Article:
8. You can get some loyalty benefits: Although you usually can’t get miles for pet travel, certain airlines do offer points or discounts, like JetBlue’s JetPaws, which awards 300 TrueBlue points on each flight segment when traveling with your pet.
9. Get a hotel room with a balcony: It might seem like a small thing, and I rarely use a hotel room’s balcony on my own, but traveling with Miles, I realized what a great benefit having even a little outdoor space could be. It gave both of us a place to get some fresh air and for him to wander and look at the landscape to see what was going on around the hotel, and it also made for a quick escape when he almost had a little bathroom accident.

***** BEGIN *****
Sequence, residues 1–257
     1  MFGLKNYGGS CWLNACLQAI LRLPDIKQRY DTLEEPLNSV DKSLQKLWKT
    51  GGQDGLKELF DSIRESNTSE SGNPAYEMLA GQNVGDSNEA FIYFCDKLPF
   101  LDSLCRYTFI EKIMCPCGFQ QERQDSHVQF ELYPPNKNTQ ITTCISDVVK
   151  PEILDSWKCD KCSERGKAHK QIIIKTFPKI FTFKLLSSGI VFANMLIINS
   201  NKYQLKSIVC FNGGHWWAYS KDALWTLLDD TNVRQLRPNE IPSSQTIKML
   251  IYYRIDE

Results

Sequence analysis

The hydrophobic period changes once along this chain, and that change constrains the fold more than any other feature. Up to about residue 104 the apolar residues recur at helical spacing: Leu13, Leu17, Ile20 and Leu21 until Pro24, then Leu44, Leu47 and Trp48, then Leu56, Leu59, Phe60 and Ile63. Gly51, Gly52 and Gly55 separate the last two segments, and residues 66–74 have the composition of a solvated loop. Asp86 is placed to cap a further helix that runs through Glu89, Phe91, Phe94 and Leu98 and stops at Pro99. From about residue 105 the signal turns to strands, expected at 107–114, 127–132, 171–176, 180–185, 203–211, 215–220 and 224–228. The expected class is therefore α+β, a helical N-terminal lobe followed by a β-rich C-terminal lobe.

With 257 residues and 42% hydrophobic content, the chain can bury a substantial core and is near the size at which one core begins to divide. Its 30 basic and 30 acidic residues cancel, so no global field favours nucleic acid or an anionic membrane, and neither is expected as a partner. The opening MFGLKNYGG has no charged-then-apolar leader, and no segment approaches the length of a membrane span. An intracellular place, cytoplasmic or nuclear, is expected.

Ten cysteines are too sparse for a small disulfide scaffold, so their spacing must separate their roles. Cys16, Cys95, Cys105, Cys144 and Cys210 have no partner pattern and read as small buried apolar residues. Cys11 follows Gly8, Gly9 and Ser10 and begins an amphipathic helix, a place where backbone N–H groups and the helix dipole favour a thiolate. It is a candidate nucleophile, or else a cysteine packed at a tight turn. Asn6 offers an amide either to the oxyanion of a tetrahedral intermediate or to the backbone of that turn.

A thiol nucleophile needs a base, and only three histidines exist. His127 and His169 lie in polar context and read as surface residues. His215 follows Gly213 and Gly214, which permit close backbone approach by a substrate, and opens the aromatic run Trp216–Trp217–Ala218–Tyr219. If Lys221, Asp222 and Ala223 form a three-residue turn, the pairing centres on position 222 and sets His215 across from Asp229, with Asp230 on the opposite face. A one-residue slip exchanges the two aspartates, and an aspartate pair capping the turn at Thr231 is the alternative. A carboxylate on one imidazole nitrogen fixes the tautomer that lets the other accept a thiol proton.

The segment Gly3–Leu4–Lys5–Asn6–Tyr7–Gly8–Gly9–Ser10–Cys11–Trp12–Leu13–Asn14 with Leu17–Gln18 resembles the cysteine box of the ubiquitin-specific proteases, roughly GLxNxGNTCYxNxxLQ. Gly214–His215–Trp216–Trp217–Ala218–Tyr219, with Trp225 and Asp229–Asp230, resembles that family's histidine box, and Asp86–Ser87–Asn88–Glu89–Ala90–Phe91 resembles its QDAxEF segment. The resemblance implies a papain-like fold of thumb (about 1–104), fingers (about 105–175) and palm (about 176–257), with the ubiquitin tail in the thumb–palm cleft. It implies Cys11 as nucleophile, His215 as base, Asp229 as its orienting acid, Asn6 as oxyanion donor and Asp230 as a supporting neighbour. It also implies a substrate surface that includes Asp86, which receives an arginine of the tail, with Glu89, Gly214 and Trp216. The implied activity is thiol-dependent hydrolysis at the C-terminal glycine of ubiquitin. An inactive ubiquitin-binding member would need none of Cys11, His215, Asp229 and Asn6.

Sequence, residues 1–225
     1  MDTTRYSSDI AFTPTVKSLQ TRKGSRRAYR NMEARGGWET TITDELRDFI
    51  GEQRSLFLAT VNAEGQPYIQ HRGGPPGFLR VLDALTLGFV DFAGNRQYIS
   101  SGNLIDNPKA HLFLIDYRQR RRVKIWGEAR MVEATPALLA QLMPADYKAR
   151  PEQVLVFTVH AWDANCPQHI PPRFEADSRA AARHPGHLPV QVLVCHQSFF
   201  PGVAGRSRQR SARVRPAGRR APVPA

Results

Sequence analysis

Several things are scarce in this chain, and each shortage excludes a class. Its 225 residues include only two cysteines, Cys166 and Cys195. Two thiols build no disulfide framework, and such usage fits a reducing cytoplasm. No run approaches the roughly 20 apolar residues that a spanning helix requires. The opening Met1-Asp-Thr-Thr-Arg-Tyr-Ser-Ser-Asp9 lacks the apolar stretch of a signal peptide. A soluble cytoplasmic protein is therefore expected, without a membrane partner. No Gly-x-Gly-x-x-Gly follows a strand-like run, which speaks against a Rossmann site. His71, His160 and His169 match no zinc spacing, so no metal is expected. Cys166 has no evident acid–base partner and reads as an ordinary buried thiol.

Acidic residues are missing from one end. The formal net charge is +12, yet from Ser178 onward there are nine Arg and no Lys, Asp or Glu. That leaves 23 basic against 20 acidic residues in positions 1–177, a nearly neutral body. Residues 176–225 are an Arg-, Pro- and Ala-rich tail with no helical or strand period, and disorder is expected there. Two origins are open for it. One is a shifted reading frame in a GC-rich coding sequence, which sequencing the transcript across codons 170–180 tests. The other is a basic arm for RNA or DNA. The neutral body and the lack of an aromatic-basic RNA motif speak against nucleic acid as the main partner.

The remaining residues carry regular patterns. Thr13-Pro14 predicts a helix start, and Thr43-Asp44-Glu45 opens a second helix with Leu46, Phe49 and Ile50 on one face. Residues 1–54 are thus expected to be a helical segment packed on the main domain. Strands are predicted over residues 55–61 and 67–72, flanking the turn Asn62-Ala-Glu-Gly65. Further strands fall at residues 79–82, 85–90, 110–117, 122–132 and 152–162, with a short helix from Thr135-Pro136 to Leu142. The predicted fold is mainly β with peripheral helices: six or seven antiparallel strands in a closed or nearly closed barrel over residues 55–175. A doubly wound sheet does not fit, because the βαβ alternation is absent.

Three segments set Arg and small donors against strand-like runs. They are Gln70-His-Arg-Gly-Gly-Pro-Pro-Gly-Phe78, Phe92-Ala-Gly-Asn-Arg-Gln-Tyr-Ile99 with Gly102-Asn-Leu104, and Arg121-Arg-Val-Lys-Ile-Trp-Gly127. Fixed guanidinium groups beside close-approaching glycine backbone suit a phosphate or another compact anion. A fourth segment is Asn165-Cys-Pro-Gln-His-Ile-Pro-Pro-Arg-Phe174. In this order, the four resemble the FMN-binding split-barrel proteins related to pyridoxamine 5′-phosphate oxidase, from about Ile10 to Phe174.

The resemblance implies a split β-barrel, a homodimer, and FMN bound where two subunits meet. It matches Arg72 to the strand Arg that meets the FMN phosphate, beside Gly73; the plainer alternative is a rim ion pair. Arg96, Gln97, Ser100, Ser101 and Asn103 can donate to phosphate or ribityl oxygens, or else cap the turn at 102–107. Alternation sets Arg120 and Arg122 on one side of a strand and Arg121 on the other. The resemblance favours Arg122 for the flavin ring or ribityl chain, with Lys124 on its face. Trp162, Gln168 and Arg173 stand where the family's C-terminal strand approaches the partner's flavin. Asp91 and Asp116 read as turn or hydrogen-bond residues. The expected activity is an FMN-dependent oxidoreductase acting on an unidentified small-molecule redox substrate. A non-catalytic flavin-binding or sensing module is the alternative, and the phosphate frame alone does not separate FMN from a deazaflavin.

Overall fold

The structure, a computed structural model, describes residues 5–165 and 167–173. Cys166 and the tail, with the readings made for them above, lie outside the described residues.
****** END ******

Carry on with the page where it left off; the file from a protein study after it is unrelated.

10. Having a dog makes your life better. I knew I was going to love having a dog, but I didn’t realize just how much how quickly, but I’m already hooked and want to take Miles everywhere possible. Sure it changes my planning requirement, schedule and possible destinations, but it also makes traveling (and life) that much more rewarding, which is better than any miles or points in my book.